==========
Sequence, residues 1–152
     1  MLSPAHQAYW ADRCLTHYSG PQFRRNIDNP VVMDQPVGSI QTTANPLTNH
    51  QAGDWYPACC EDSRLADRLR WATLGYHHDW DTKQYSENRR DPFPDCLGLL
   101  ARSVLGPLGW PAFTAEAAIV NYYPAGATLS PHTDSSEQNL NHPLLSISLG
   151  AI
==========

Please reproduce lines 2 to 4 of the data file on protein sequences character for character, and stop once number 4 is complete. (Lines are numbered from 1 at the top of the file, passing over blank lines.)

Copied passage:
     1  MLSPAHQAYW ADRCLTHYSG PQFRRNIDNP VVMDQPVGSI QTTANPLTNH
    51  QAGDWYPACC EDSRLADRLR WATLGYHHDW DTKQYSENRR DPFPDCLGLL
   101  ARSVLGPLGW PAFTAEAAIV NYYPAGATLS PHTDSSEQNL NHPLLSISLG